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Crisps, biscuits, chocolate, and wine. These snacks can be the downfall of many of us trying to make healthier choices with regard to what we eat. There is nothing wrong with many of these items, in moderation, but there lies the issue…IN MODERATION.
Most snack foods are made to be moreish. They are developed in laboratories and tested on the public to find the right balance of fat, sugar and flavour that has you reaching for more. If you are looking to reduce or remove these foods from your diet then here are a few helpful tips to think about before reaching for the biscuit tin.
Are You Really Hungry?
Our bodies can be a confusing thing sometimes. Rather than telling you what it needs, it just tells you it is hungry. Need water? Nope, hungry! Bored? Nope, hungry! It’s no wonder we reach for a chocolate bar on an evening.
However, before you do, take a few minutes to really think about whether you’re hungry or if your body trying to tell you something else.
Are you bored?
Does your brain just need some stimulation? Try finding something to do that engages your brain and you enjoy. Food is an easy way for our brains to activate our feel-good hormone, dopamine, which is why you may confuse boredom with hunger.
Our lifestyles have us so used to putting on the TV on an evening to help us switch off that we don’t realise that we’re not actually enjoying it. Instead try reading a book, playing a game, doing a puzzle or some exercise, all these activities give you a sense of accomplishment and increase dopamine levels.
Are You Thirsty?
Just like boredom, sometimes your brain actually needs a drink but instead tells you that it’s hungry. An easy way to check this is to grab a glass of water then wait 15-20 minutes, if you still feel hungry then grab yourself a snack.
A few simple ways to prevent this confusion is to stay hydrated throughout the day. Make sure water is the first thing you drink on a morning, yes – before that morning coffee. Don’t wait until you feel thirsty, spend the day drinking little and often by keeping a water bottle with you at all times – I have this *2.2-litre water bottle on my desk all day (also makes a great weight).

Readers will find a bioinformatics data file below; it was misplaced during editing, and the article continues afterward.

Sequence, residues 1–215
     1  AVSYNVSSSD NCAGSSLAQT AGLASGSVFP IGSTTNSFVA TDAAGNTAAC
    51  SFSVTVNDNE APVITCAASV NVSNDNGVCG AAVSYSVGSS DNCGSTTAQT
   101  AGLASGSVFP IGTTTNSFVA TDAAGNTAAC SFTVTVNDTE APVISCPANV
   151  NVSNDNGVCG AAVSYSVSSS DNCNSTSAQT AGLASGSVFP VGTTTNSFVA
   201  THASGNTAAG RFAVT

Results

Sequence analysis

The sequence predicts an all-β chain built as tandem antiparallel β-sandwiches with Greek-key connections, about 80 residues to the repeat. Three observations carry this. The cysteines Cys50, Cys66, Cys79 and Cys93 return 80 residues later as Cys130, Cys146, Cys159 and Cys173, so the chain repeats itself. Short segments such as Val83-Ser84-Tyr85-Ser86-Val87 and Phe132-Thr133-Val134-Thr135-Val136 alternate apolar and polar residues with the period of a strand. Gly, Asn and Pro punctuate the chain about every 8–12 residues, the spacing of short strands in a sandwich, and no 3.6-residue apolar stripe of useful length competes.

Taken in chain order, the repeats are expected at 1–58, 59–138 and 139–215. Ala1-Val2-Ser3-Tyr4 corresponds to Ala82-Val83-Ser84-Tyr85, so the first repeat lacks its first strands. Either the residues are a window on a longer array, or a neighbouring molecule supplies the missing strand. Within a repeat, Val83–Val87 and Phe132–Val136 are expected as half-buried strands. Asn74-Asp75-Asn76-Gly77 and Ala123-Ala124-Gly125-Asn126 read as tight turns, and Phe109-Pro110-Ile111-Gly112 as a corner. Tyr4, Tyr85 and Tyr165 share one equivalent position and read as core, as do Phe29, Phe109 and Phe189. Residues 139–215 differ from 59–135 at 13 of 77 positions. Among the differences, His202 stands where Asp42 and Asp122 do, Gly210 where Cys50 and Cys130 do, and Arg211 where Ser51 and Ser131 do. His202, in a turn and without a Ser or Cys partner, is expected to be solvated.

Lastly, check your pee! The best indicator of how hydrated you are is in the colour of your urine, as demonstrated here.
Grab An Apple
Some say that the best way to judge whether you’re hungry is to decide whether you could manage a full meal. If you could, then eat a meal but if you couldn’t then you’re not hungry enough. While this might work for some, for others it could lead to being hangry and making less than optimal meal choices later in the day.
If you’re genuinely wanting something small then reach for some fruit, vegetable sticks or another healthy snack such as a portion of nuts. Try to choose something that actually makes you chew rather than something that takes less effort to eat, such as smoothies, milkshakes or ice cream.
Prioritise Protein At Meal Times
One way to help with snack cravings is to make sure you are getting enough protein at your main meal times. Make sure you have a source of protein at every meal, as well as fibre, as this will keep you fuller for longer.
Eating less frequently has been shown to potentially improve satiety and reduce hunger, meaning you’re less likely to want to snack if you eat three nutrient-dense meals a day.